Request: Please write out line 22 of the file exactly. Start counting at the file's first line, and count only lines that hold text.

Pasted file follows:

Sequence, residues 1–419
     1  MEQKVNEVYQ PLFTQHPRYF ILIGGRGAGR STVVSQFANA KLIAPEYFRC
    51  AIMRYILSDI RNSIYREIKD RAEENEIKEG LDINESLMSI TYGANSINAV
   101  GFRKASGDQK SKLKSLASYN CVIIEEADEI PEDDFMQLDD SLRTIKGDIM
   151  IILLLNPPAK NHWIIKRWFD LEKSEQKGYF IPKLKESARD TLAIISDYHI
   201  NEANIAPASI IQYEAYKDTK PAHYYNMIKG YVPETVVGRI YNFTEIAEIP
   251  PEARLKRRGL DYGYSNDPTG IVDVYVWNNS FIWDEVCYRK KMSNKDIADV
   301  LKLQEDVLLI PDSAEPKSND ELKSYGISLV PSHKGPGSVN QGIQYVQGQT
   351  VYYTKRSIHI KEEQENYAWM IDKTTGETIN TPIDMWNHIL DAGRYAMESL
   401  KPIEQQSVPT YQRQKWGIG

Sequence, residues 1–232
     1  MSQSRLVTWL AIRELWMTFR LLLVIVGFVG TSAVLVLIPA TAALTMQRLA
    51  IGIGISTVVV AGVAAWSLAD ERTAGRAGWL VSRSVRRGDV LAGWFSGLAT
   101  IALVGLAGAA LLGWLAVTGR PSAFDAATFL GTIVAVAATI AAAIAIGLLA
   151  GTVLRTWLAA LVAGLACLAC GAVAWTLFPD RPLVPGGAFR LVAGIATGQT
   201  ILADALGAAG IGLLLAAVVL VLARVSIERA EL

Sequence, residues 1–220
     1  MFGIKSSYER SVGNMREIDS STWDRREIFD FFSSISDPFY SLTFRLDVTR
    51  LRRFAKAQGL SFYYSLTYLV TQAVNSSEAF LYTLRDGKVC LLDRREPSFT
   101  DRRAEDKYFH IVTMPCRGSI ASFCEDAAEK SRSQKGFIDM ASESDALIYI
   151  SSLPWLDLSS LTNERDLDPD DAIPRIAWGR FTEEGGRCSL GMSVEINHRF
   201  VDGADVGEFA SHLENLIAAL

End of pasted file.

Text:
   201  VDGADVGEFA SHLENLIAAL